Record Cover Art by Cindy Sherman and Jeff Koons.

Cindy Sherman and Jeff Koons  are two contemporary artists working in totally different media. Cindy Sherman (born 19th January 1954) is a photographer who specialises in self portraits in which she disguises herself in costume and in various situations. She is considered a conceptual artist.


CINDY SHERMAN

I have thus far managed to find six record, video and cassette covers with cover art by Cindy Sherman.The earliest recording I have found that has one of her photographs on its cover was for the television production “Two Moon July” which featured the music of Laurie Anderson, David Byrne (with whom Cindy Sherman had a relationship from 1991 to 2005), Philip Glass and others. The programme was released on VHS in 1986 and on Laserdisk the following year with Cindy‘s photograph of the Empire State Building on the cover.

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The cover of the “Two Moon July” Laserdisk.

In 1988, one of her self portraits was used as the cover art for a cassette of visual artists talking. The cassette was released as Tellus Magazine #21 entitled “Tellus #21: Audio by Visual Artists“. Tellus was a bi-monthly cassette magazine that was founded in New York in 1983.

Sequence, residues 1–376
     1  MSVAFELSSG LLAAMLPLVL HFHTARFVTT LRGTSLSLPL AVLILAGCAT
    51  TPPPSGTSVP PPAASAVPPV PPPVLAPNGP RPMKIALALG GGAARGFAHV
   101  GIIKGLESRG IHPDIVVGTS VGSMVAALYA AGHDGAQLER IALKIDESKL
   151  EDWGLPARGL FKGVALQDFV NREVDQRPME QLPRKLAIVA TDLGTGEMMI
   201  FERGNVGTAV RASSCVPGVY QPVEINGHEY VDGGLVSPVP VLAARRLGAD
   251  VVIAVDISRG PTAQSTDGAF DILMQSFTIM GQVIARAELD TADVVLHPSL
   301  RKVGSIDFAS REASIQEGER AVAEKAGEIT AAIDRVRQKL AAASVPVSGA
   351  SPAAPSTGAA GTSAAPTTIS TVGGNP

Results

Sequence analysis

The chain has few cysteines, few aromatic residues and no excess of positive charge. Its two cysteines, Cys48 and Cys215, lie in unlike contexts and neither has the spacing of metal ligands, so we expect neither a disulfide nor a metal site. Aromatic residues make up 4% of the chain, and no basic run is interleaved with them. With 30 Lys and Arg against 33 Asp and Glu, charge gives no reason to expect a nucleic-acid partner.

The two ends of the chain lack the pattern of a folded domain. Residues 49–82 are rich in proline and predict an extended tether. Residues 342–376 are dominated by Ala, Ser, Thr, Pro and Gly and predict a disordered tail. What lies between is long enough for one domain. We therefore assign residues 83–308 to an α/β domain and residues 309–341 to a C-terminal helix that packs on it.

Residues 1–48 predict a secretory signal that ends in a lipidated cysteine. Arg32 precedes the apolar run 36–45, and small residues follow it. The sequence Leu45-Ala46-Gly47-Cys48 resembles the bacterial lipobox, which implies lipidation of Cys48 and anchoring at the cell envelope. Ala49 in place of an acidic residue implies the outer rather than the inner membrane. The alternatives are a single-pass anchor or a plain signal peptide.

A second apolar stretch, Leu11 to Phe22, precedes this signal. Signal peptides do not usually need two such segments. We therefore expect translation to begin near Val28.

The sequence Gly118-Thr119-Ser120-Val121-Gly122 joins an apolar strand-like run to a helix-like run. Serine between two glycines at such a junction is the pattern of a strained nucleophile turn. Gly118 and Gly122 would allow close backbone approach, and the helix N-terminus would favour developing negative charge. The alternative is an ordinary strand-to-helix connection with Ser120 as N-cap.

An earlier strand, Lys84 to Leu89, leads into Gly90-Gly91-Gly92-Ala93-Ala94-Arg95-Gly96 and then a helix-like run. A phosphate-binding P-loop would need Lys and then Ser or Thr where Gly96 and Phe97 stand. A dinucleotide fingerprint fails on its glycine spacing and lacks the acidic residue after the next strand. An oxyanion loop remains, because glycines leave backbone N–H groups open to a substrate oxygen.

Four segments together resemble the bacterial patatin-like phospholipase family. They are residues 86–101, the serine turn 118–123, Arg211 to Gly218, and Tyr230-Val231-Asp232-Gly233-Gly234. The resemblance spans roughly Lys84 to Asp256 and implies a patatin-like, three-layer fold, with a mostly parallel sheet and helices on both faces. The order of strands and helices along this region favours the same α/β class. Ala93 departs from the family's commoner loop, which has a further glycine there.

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Cindy Sherman’s self portrait on the cover of the cassette magazine Tellus from 1988.

Sherman was involved with the female band Babes in Toyland in the 1980s and even appeared in one of their videos. Her photographs appeared on the covers of two of the group’s records “Fontanelle” (1992) and “Painkillers” (1993).

The punk band Cloudburst released two singles. The first, released in France in 1999 was a purple vinyl, three-track 7″ EP entitled “Love-Lies-Bleeding” and had a Cindy Sherman painting as its cover art.

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Cloudburst’s 1999 single cover with Cindy Sherman painting.

The latest cover i have been able to find is a five-track, single sided, yellow vinyl 12″ EP called “No More Crazy Women” by tenor saxophonist Arthur Doyle. I’ll be returning to Arthur Doyle in my list of Jeff Koon‘s cover art.

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The cover of Arthur Doyle’s “No More Crazy Women” 12″ EP-

JEFF KOONS

There only seem to be three record or CD covers with Jeff Koons’ art. Or that is all I have hitherto been able to find.